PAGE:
Equities and expensive and credit spreads are tight. Some investors may be able to eke out further returns, even safely, if they are familiar with certain markets such as the ABS and leveraged finance markets. Eventually, given the weight of capital chasing returns, even these pockets of value get crowded. In the long only world, we are wringing out the last bits of opportunity. What comes next is either a lean period or, hopefully not, a crash.
The hedge fund world has promised for almost half a century, to deliver uncorrelated returns, to make money in rising or falling markets. It has rarely delivered. Most hedge funds will run a long biased strategy. Why would they do this? Because its easy when markets are rising, and markets are more often than not, rising. Also, to be really market neutral and deliver a meaningful returns requires quite a lot of leverage and for some reason investors are leery of that. For a time, so were prime brokers. The result is that most hedge funds are exposed to significant market risk.
Private equity may be immune to downturns by focusing on fundamentals and value creation. However, funding costs are a big part of private equity returns and if the bond markets fall or credit spreads widen, the ability of private equity to leverage itself cheaply will be reduced. Also, by eschewing mark to market, owning private equity in a falling market and recession is like having the blinds down in air turbulence. You can’t see it but you can feel it around you.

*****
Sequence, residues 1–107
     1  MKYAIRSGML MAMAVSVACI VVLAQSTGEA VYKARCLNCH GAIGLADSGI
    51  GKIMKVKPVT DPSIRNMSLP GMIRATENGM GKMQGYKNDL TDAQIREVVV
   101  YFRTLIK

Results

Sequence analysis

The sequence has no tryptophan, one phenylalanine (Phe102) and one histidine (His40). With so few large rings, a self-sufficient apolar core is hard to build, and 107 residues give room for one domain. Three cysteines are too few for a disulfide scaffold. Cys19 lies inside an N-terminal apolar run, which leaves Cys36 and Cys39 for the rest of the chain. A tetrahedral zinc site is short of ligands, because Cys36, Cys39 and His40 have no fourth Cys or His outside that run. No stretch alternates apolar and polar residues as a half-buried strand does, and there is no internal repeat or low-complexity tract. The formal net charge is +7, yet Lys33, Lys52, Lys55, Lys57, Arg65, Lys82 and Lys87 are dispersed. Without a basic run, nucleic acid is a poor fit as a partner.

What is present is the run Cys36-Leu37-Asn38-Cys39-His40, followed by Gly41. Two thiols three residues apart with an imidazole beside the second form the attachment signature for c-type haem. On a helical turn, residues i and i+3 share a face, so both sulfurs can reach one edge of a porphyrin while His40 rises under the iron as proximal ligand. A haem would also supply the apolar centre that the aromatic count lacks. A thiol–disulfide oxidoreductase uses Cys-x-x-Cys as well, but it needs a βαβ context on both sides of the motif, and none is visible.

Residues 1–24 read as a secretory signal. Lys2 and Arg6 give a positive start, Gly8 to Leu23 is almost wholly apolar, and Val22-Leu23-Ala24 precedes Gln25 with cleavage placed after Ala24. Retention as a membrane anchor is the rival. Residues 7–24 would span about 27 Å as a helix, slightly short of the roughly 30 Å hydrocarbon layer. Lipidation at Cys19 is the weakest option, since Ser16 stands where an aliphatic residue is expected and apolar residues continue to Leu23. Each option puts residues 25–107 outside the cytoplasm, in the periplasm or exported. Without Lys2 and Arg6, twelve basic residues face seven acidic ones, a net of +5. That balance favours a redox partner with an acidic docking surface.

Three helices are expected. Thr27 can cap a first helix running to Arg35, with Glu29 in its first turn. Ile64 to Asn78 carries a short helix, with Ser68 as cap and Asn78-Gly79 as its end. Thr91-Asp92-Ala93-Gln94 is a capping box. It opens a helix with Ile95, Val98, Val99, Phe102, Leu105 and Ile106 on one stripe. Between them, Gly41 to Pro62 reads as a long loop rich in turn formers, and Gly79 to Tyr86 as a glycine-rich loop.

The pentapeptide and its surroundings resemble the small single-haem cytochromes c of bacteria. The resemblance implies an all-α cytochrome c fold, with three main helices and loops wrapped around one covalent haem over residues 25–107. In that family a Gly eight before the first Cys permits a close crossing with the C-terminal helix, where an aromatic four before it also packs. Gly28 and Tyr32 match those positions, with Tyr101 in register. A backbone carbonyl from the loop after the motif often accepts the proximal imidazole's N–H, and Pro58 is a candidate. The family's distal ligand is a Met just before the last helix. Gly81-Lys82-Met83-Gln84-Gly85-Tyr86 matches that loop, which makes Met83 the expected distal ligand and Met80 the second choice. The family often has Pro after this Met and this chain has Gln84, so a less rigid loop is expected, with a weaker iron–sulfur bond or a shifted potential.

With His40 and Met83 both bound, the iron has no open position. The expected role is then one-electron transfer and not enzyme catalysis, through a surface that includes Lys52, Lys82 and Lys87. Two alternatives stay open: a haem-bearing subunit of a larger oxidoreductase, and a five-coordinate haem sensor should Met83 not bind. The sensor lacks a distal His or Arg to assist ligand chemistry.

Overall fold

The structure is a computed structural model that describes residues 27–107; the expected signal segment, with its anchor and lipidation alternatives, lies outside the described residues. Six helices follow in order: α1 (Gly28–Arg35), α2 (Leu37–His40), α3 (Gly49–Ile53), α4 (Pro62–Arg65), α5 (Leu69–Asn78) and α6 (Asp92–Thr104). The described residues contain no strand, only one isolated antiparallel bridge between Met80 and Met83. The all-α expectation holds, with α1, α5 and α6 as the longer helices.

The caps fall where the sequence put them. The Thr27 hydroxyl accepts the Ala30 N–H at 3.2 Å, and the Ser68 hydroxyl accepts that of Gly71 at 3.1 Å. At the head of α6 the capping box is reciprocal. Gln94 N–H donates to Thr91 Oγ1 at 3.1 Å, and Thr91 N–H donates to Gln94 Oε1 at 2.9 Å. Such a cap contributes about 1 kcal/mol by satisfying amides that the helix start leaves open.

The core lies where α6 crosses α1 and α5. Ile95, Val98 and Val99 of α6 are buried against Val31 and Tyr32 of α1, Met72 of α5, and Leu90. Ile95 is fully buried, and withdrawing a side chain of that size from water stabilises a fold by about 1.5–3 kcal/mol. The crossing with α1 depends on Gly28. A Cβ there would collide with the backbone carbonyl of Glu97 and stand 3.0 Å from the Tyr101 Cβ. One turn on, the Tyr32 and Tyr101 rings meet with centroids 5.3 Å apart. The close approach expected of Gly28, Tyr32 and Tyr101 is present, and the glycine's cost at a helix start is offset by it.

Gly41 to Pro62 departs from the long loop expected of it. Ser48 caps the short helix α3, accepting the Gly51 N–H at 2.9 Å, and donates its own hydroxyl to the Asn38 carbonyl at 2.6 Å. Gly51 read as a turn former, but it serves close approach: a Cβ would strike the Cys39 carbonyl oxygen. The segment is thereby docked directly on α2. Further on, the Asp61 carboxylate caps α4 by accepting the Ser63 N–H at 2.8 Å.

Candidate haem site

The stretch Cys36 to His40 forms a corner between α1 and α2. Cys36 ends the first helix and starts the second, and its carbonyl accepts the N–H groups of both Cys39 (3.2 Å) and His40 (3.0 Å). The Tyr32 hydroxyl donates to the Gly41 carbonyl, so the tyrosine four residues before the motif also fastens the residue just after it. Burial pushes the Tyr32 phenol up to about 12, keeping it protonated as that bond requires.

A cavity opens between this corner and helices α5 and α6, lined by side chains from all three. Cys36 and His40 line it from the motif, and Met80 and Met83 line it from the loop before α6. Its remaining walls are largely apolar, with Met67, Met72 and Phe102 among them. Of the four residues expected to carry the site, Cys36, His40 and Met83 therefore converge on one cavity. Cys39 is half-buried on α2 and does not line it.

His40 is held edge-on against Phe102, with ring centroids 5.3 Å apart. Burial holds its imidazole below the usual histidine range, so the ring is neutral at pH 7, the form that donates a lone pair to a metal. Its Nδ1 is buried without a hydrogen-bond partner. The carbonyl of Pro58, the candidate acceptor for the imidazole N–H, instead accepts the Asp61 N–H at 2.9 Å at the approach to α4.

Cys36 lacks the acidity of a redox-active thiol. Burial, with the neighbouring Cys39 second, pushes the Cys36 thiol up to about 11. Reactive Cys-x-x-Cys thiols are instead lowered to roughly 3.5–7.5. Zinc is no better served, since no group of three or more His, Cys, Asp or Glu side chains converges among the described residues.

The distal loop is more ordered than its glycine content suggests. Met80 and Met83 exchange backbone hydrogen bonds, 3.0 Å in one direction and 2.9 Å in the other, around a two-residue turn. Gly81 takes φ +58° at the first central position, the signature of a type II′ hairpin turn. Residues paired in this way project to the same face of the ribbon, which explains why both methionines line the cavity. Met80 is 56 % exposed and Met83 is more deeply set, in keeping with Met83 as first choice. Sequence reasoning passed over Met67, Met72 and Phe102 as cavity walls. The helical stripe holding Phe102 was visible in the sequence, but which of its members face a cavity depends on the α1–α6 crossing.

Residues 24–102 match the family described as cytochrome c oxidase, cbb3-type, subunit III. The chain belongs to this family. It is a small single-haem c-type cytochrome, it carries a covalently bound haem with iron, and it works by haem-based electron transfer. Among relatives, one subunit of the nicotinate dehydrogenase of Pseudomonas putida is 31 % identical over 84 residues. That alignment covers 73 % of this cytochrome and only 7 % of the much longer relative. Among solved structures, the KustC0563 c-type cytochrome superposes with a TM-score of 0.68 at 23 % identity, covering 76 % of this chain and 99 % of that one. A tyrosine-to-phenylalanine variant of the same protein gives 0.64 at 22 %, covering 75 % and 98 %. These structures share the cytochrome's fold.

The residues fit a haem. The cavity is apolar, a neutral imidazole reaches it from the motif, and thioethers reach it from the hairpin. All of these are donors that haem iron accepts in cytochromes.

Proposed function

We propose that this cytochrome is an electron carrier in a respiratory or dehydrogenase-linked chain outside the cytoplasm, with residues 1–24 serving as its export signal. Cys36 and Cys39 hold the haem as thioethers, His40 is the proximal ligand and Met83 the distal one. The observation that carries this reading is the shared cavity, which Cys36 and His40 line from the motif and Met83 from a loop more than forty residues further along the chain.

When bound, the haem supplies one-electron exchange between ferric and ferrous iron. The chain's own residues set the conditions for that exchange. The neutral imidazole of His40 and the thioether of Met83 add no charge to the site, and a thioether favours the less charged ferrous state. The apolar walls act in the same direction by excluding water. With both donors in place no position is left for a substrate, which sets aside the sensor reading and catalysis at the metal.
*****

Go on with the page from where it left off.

Real estate of the physical kind is often a haven asset especially when the tangibility of financial assets is questioned. But real estate is a yield play, a fixed coupon investment, albeit with regular rental revisions. Still it is a very long duration investment a leveraged one and it likes falling or low interest rates.
When markets fall, as they eventually do, almost everything takes a loss. The only way to effectively avoid falling markets is to time them and as anyone who has tried to time them or watched professional investors try to time them will know, this is an exercise in futility. So from a practical perspective, you can’t time markets, your hedge funds will be net long, your niche markets will soon be squeezed dry and the current bull market in everything is getting long in tooth.
What not to do: You don’t go short because a bull market is ageing and valuations are high. Shorting requires a catalyst, a tangible reason. One may soon emerge but for now, the economy is fine and liquidity conditions remain accommodative.
Neither do you switch to cash in scale. USD cash is beginning to yield a fair bit compared to the last decade but it’s still yielding very little. Those little pockets of value in leveraged finance and ABS are still good risks for the yield they generate.
But don’t be greedy. When the mass of investors is greedy, it’s time to go on a diet. Reduce market length, reduce exposure but in a smart way. For example, instead of rotating from IG to HY, it may be more efficient to stay in HY but move up the capital structure. Or to buy assets through structured vehicles which may be cheaper.
Brace yourself. It can seem strange to be bracing for hard times when the general conditions are good but as early signs of market fatigue or economic slowdown appear, it pays to brace oneself. Reducing exposure and buying protection are ways to brace a portfolio. Option protection can get very expensive in the middle of a drawdown but there are ways to construct limited protection without overpaying. Using options adds a dimension of control to a portfolio.
In a rising market, stay long and look for bad things. In a falling market, reduce length, maintain a portion of liquidity, and look for good things.